Together - Attributes.jpg
Our culminating symbol for resilience--WE will do this TOGETHER.
...and it all came together.  The whole school came together because we all did it together, for each other and in front of each other.  And it was awesome.

This process has made me question what authentic accountability really means.  As a staff, a lead team, and a project-tuning team, we were accountable to each other.  We were accountable to a highly visible product and a large and interested group.  But there were no grades.  No percentages.  No rubric.  There was no one giving us a thumbs up or a thumbs down.  There was just our own sense of pride in doing our best work for each other and for an audience because they were there, and they would be watching us.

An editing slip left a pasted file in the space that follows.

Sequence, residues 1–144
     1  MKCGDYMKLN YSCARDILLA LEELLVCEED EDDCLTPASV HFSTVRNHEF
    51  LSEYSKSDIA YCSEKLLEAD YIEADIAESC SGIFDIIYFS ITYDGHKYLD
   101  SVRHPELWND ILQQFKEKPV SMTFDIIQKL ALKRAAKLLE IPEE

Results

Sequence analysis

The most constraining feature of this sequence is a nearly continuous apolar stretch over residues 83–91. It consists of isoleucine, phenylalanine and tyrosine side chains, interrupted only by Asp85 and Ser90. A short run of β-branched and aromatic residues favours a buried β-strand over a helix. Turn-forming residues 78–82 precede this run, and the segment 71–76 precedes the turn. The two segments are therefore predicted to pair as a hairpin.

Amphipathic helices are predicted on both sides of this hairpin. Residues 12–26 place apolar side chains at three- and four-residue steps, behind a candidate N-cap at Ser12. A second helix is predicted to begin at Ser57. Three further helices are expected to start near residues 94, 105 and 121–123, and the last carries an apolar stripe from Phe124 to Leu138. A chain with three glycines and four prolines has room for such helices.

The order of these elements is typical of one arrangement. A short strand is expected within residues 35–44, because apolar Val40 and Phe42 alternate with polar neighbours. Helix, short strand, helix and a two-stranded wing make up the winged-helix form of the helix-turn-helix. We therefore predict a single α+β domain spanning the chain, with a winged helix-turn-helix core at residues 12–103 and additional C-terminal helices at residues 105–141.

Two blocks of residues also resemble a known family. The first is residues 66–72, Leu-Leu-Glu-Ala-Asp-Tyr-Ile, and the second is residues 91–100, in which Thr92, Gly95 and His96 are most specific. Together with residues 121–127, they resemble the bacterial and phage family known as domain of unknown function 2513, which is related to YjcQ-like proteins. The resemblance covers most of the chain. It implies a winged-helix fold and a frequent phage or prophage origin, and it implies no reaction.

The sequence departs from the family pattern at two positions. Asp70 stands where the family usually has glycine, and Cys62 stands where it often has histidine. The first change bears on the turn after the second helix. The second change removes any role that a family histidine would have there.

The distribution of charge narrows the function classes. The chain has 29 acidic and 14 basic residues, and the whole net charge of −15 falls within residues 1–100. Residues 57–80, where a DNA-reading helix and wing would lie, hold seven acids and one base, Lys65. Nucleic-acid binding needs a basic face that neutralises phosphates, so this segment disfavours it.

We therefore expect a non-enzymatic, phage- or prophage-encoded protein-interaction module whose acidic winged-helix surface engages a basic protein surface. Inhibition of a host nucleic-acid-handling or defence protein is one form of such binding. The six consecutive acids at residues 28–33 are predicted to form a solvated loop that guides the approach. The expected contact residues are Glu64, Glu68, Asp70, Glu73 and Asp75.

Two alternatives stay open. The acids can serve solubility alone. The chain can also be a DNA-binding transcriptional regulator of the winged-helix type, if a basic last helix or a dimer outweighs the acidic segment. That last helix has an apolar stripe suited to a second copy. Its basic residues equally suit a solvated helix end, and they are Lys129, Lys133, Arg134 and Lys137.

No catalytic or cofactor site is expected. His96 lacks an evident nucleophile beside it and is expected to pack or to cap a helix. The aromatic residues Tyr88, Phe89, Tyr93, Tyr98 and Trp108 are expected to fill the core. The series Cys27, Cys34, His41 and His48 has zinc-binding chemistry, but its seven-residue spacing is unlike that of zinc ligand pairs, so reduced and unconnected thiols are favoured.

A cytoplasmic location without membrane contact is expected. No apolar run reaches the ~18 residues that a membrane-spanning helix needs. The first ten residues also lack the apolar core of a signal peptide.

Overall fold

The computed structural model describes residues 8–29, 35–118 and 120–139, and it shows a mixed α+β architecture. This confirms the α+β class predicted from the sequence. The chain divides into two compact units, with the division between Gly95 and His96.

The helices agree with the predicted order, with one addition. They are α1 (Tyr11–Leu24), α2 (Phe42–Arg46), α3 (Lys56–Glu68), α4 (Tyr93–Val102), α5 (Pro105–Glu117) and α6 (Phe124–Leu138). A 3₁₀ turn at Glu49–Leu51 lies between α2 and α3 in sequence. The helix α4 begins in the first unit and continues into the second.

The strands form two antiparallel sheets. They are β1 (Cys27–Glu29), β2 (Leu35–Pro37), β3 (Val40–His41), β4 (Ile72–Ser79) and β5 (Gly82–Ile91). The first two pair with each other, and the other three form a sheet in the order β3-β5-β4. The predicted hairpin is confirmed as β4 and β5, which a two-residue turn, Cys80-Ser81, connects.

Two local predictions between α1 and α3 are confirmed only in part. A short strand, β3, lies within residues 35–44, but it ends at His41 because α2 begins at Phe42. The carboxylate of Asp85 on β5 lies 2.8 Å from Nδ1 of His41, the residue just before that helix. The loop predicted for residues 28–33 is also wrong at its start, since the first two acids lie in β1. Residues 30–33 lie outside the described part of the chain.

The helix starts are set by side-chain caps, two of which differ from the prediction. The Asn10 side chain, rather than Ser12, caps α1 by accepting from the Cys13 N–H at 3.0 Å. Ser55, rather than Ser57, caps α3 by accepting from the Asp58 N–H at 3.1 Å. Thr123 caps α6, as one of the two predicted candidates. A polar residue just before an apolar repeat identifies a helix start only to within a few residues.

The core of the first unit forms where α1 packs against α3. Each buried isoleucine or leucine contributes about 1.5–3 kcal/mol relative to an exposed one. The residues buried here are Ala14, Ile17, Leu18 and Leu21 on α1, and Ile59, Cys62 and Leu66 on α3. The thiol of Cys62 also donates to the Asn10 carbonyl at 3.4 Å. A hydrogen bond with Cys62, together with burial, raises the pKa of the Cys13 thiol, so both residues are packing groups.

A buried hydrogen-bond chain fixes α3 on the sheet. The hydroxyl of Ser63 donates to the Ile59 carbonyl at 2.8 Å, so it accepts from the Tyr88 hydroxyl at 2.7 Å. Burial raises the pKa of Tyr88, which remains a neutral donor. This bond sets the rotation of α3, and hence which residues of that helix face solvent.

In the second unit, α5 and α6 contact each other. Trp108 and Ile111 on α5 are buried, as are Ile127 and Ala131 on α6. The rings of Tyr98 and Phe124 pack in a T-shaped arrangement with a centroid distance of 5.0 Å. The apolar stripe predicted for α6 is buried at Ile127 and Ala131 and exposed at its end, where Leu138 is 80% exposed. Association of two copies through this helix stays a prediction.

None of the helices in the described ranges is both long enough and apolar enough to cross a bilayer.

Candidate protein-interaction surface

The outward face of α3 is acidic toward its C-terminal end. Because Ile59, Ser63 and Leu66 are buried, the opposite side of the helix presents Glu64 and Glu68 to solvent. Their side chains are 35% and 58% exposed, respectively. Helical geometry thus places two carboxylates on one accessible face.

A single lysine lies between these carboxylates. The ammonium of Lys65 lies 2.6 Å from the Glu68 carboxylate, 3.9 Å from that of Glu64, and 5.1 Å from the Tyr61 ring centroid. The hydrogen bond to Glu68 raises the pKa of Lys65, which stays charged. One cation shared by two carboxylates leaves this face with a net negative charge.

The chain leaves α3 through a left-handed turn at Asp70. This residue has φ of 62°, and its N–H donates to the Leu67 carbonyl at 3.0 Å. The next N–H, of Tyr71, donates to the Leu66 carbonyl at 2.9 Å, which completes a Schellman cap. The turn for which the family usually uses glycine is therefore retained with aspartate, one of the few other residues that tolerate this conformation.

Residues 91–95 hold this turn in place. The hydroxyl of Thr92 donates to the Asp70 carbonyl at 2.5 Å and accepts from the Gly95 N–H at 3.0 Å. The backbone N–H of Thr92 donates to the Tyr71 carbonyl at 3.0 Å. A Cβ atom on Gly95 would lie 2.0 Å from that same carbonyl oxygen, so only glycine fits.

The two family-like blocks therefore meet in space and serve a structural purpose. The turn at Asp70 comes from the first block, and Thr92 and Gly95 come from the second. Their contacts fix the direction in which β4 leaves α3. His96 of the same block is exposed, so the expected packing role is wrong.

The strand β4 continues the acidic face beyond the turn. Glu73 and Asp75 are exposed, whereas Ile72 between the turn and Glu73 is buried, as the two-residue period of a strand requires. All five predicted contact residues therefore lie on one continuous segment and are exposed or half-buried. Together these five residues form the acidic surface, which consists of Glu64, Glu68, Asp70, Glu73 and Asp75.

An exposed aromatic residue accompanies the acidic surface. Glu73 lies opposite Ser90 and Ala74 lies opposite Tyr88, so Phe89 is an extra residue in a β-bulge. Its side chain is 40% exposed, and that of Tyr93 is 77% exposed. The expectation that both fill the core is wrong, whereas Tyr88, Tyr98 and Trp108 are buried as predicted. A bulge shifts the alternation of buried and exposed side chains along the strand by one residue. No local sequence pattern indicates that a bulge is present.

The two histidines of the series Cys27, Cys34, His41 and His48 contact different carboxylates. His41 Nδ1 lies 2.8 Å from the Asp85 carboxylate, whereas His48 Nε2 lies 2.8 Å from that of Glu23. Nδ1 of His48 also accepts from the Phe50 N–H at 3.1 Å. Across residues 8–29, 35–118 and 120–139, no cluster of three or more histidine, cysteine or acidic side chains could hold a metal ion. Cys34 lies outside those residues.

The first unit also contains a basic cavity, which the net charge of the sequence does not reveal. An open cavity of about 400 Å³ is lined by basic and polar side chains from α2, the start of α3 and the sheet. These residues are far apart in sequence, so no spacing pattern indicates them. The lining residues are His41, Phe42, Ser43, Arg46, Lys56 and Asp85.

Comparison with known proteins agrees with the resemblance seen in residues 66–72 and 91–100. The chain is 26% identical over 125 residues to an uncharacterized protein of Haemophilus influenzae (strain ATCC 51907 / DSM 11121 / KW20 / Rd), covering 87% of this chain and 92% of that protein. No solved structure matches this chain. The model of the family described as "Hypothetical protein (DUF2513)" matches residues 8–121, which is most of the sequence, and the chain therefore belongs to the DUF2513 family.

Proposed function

We will continue to make ourselves accountable to each other, to our students and to our parents.  As much as we co-created this assembly to promote our attributes, to get feedback about these attributes, and to find out where our students and staff wanted to get started with these attributes, we also are creating our plan to develop these attributes that we will project tune with another group of students and parents so we can make our vision of a graduate become a reality for every one of our students.  And by creating our own authentic accountability checkpoints to eachother and to our community, we can avoid CCR becoming little more than a New Year's Resolution and keep ourselves on track to achieve our goal of producing graduates that are creative, collaborative, and resilient.

Friday, December 5, 2014

"Don't Worry, Be Crappy"

I have never blogged 'real-time', in the 'between slots' while facilitating a professional development session - a new challenge, so here goes!